Jalen Redmond’s ongoing adversity an excuse for us to take stock in the person, not just the player, something we should have done when he was a Sooner.
NORMAN — Campus Corner overflowed hours before OU’s last home football game Sept. 9, fans seeking Jim Traber and Al Eschbach in their mobile studio, the end of Utah-Baylor on a giant screen, a parade honoring OU’s national championship softball and gymnastics teams straight down Asp Avenue, or cold beer wherever anyone could get it.
It was easy to overlook the former Sooner sitting beneath the white tent off to one side. It was easy to overlook Jalen Redmond.
“It’s been good. I think it’s a lot of love,” Redmond said between signings during an autograph session sponsored by Sooner Spectator. “I enjoy being around everybody, all the fans and everything.”
That was really nice to hear for reasons you already know about, and don’t.
To rehash… Redmond arrived at OU in 2018 a can’t-miss prospect from Midwest City and immediately encountered can’t-believe problems, from blood clots threatening his health to coaching changes threatening his development. There was a 2020 pandemic, a ‘21 knee injury and an entire staff change heading into ‘22, all mixed with a productive if unspectacular 36-game career which ended when he turned pro before OU’s 2022 Cheez-It Bowl.
That it wasn’t an easy decision still hasn’t registered with lost souls like the one who tweeted at Redmond for promoting his autograph appearance the day before, accusing him of quitting on the Sooners.
While those likes were peeing into lemonade pitchers Sept. 9, Redmond signed glossies, ball caps and sneakers. He rose for pictures, Horns flashed down. He caught up with old acquaintances who watched him play here not long ago, and one who wrote about him.
“I’d rather be gone, but being back is good,” Redmond told me. “Just waiting. Hoping to get another opportunity in the League.”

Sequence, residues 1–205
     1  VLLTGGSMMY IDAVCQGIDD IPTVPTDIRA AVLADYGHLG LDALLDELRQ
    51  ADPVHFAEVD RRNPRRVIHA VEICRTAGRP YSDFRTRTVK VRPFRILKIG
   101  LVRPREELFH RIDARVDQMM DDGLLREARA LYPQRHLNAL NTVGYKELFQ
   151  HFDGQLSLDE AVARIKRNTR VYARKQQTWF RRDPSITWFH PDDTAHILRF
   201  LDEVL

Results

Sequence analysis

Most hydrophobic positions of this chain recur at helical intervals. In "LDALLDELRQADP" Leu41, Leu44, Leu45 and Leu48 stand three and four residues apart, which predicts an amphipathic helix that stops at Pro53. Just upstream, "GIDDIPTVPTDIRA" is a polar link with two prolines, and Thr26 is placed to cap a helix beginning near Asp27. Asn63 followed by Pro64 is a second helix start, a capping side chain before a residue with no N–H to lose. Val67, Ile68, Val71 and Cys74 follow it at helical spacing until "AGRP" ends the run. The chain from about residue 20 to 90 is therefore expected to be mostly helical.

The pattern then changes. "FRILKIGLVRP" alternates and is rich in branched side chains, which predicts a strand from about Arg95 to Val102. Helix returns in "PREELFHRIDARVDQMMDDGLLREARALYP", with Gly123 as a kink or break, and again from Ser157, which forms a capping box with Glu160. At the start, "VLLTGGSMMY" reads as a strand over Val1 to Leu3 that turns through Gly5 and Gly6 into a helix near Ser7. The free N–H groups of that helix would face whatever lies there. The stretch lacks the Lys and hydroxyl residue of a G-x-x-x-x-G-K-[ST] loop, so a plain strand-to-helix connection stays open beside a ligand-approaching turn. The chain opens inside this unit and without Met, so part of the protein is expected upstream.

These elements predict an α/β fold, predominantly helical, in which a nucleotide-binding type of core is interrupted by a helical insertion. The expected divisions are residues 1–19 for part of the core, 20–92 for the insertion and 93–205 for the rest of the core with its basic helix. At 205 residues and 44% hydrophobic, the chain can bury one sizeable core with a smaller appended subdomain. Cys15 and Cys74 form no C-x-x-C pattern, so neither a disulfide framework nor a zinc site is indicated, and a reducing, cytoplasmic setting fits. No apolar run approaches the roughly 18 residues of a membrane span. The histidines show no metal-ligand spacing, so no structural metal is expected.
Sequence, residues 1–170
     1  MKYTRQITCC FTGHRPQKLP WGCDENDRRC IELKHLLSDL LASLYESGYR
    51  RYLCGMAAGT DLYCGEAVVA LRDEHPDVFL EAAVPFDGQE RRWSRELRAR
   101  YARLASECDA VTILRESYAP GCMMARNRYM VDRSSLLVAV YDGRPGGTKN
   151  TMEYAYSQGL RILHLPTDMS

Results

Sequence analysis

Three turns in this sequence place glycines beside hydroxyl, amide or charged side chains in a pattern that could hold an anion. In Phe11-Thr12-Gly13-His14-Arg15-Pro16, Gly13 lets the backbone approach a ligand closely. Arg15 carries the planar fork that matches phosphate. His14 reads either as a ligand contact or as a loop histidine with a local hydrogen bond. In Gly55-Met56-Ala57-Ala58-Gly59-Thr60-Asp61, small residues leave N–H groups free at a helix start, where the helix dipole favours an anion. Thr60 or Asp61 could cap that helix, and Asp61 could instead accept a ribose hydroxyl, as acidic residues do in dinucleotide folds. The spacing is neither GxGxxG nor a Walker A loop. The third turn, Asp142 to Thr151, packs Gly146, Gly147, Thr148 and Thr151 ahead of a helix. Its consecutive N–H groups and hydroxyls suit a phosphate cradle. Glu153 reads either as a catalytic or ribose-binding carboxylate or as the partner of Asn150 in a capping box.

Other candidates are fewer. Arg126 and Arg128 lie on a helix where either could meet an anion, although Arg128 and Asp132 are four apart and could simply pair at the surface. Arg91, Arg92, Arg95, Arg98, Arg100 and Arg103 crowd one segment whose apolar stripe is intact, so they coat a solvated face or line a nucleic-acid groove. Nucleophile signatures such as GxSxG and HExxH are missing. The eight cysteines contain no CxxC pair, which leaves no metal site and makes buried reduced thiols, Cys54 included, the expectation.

He had one with the Carolina Panthers. They signed him as an undrafted free agent last spring and hoped he might make a camp splash. That’s where we last left Redmond’s story, wondering if it might turn up and stay there for a change.
“I got injured,” he said. “I had another hiccup with a blood clot from a calf injury. Right after rookie mini-camp. They released me.”
Wow. That is a rough go…
“It is,” Redmond said. “But that’s part of it… I just got cleared from it last week. Hopefully I’ll start hearing something, will get a call, get a tryout.”
He said he was staying fit in Edmond, tending to his 1-year-old son, Khi, and minding some familiar business in the meantime.
“I still keep in touch with most of the D-line,” Redmond said. “Jordan Kelley, Kelvin Gilliam, all the guys I was here with. Isaiah Coe.”
Keeping in touch but keeping a distance.
“They know I’m here but I haven’t seen them since I’ve been back. I’m trying to… It’s difficult to be out and around everybody,” Redmond said. “I don’t know… In my head I feel like I shouldn’t be here right now. It’s hard on me. I should be playing a game on Sunday.”
You going to the game later? You got tickets, right?
“I actually didn’t even try,” Redmond said. “Same thing. It’s hard for me to watch knowing I should… I weigh it on myself. It’s tough on me.”
Fans look up and a defensive lineman is gone after five years. They might recall some details of the lineman’s life, but mostly pass judgment about his football and whether their expectations were met. Too bad.
Maybe if they take a minute to reconsider the lineman, since he’s close to his team again but only so close, because he’s gotten a little older and discovered the world to be a little colder and that’s tough to reconcile. The same as it’s tough for us all.
It isn’t too late to reconsider Redmond.
“I miss my teammates. I miss the guys I put in that work with,” he said of his five years with the Sooners. “But I loved being in an NFL locker room, being around those guys. It was good while I was there.”
Anything you’d do differently at OU?
“No,” he said. “I think everything happens for a reason. All of the decisions I made when I was here, they grew me into the man I am today. I have no regrets. I loved it here.”
You think fans around here today feel that?
“I hope so.”
Oklahoma’s Jalen Redmond (31) pressures Oklahoma State’s Spencer Sanders (3) during the Bedlam game Nov., 19, 2022, in Norman. (SARAH PHIPPS/THE OKLAHOMAN / USA TODAY NETWORK)